F6 find out how scientists, for example – Galileo Galilei and Isaac Newton helped to develop   the theory of gravitation.

 

 Science Progression of skills Year 6

 National Curriculum objectives: in this unit the children will be taught to:

 Year 5 and 6 Working Scientifically

 Pupils will be taught to use the following practical scientific methods, processes and skills:

 WS1 planning different types of scientific enquiries to answer questions, including

 recognising and controlling variables where necessary.

 WS2 taking measurements, using a range of scientific equipment, with increasing accuracy

 and precision, taking repeat readings when appropriate.

 WS3 recording data and results of increasing complexity using scientific diagrams and 

 labels, classification keys, tables, scatter graphs, bar and line graphs.

 WS4 using test results to make predictions to set up further comparative and fair tests.

 WS5 reporting and presenting findings from enquiries, including conclusions, causal   

 relationships and explanations of and degree of trust in results, in oral and written forms

  such as displays and other presentations.

 WS6 identifying scientific evidence that has been used to support or refute ideas or

  arguments. 

 WS7 explore and talk about their ideas; asking their own questions about scientific

 phenomena; and analysing functions, relationships and interactions more systematically. 

 WS8 recognise that scientific ideas change and develop over time.

WS9 draw conclusions based on their data and observations, use evidence to justify their

 ideas, and use their scientific knowledge and understanding to explain their findings. 

WS10 Pupils should read, spell and pronounce scientific vocabulary correctly.

 

 Living things and their Habitats

 LTH1 describe how living things are classified into broad groups according to common   observable characteristics and based on similarities and differences, including micro-   organisms, plants and animals.

 LTH2 give reasons for classifying plants and animals based on specific characteristics.

 LTH3 know that broad groupings, such as micro-organisms, plants and animals can be   subdivided.

 LTH4 should classify animals into commonly found invertebrates (such as insects, spiders,   snails, worms) and vertebrates (fish, amphibians, reptiles, birds and mammals).

 LTH5 find out about significance of the work of scientists such as Carl Linnaeus, a pioneer of   classification.

 

 Animals, including Humans

 AIH1 identify and name the main parts of the human circulatory system, and describe the   functions of the heart, blood vessels and blood.

 AIH2 recognise the impact of diet, exercise, drugs and lifestyle on the way their bodies   function.

 AIH3 describe the ways in which nutrients and water are transported within animals,   including humans.

 AIH4 explore questions to understand how the circulatory system enables the body to   function.

 AIH5 learn how to keep their bodies healthy and how their bodies might be damaged –   including how some drugs and other substances can be harmful to the human body.

 AIH6 explore the work of scientists and scientific research about the relationship between   diet, exercise, drugs, lifestyle and health.

 

 Evolution and Inheritance

 EI1 recognise that living things have changed over time and that fossils provide information   about living things that inhabited the Earth millions of years ago.that living things produce   offspring of the same kind, but normally offspring vary and are not identical to their parents.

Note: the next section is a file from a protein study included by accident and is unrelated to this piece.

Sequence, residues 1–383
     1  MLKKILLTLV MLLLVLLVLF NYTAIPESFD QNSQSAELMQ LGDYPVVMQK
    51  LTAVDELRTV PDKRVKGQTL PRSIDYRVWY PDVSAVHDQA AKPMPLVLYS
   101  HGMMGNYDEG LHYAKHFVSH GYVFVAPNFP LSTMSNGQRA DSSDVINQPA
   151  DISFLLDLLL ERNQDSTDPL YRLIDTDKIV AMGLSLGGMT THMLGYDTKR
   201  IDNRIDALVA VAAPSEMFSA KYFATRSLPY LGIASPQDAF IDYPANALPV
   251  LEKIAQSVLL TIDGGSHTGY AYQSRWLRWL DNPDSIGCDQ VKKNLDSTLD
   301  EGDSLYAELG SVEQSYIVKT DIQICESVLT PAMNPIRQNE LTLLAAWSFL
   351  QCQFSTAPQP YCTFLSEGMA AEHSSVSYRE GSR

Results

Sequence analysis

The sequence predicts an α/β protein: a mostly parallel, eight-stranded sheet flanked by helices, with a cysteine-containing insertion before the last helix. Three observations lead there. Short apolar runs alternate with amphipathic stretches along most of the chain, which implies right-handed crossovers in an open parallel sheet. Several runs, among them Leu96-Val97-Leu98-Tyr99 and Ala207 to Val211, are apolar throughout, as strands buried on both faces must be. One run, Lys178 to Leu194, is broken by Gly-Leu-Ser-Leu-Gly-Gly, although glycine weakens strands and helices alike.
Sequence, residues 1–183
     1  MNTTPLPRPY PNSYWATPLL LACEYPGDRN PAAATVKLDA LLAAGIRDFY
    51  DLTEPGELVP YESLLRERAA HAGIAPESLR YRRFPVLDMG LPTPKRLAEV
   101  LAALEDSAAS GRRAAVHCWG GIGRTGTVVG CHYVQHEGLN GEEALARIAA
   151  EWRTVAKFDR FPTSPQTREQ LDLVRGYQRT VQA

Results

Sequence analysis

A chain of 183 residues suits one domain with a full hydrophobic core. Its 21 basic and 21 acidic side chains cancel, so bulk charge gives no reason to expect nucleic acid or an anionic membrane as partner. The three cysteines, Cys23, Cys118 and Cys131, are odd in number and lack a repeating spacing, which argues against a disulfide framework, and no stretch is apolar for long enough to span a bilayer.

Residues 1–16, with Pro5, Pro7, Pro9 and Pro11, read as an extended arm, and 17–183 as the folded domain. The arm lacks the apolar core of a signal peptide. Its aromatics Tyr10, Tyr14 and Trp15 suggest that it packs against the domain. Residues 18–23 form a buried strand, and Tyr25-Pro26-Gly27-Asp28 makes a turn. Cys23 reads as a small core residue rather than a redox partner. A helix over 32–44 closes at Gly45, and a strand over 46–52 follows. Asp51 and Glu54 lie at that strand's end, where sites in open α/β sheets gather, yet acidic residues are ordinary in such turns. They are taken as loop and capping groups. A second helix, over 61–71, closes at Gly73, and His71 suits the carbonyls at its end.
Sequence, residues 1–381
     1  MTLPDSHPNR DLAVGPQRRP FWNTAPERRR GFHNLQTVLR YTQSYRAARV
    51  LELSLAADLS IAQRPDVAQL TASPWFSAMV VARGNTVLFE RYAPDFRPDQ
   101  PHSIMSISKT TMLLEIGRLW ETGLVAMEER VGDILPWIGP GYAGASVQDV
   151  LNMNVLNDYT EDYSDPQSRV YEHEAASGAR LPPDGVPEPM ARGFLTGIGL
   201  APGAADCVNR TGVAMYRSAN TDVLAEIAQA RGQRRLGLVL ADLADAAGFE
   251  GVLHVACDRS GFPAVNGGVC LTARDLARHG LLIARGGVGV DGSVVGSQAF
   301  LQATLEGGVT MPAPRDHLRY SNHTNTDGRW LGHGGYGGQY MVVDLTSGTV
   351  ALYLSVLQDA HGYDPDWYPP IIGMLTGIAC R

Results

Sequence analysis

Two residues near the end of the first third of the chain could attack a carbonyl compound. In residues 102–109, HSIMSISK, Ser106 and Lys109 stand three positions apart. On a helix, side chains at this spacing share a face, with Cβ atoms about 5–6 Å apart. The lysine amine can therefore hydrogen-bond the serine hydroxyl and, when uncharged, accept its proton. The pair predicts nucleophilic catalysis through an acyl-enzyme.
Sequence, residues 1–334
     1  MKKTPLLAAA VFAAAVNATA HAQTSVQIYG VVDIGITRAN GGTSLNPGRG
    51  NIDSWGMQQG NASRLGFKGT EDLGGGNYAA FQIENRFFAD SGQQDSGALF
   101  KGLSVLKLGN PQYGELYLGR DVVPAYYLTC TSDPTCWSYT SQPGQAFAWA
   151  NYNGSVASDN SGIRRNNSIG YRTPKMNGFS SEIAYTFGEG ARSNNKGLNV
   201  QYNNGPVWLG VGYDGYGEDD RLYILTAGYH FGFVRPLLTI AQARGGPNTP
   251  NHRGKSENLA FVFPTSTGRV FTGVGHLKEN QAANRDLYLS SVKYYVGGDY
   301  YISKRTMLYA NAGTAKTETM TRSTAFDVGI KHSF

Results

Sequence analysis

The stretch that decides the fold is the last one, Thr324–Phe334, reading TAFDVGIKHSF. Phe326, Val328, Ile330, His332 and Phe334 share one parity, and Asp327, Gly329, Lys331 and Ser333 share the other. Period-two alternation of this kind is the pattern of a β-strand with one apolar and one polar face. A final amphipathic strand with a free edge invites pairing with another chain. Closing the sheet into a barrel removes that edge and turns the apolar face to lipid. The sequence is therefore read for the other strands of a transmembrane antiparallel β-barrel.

EI3 identify how animals and plants are adapted to suit their environment in different ways   and that adaptation may lead to evolution.

 EI4 be introduced to the idea that characteristics are passed from parents to their offspring,   i.e. different breeds of dogs, and what happens when, for example, abradors are crossed   with poodles.

 EI5 appreciate that variation in offspring over time can make animals more or less able to   survive in particular environments, for example, by exploring how giraffes’ necks got longer.

 EI6 find out about the work of palaeontologists such as Mary Anning and about how Charles   Darwin and Alfred Wallace developed their ideas on evolution.

 

Light

 L1 recognise that light appears to travel in straight lines.

 L2 use the idea that light travels in straight lines to explain that objects are seen because   they give out or reflect light into the eye.

 L3 explain that we see things because light travels from light sources to our eyes or from light   sources to objects and then to our eyes.

 L4 use the idea that light travels in straight lines to explain why shadows have the same   shape as the objects that cast them.

 L5 work scientifically by: deciding where to place rear-view mirrors on cars; designing and   making a periscope and using the idea that light appears to travel in straight lines to explain   how it works.

 L6 look at a range of phenomena including rainbows, colours on soap bubbles, objects   looking bent in water and coloured filters (they do not need to explain why these phenomena   occur).

 

 Electricity

 E1 associate the brightness of a lamp or the volume of a buzzer with the number and voltage   of cells used in the circuit.

 E2 compare and give reasons for variations in how components function, including the   brightness of bulbs, the loudness of buzzers and the on/off position of switches.

 E3 use recognised symbols when representing a simple circuit in a diagram.

 E4 construct simple series circuits, to help them to answer questions about what happens   when they try different components, for example, switches, bulbs, buzzers and motors.

 E5 learn how to represent a simple circuit in a diagram using recognised symbols.

 

National Curriculum

https://assets.publishing.service.gov.uk/government/uploads/system/uploads/attachment_data/file/425618/PRIMARY_national_curriculum_-_Science.pdf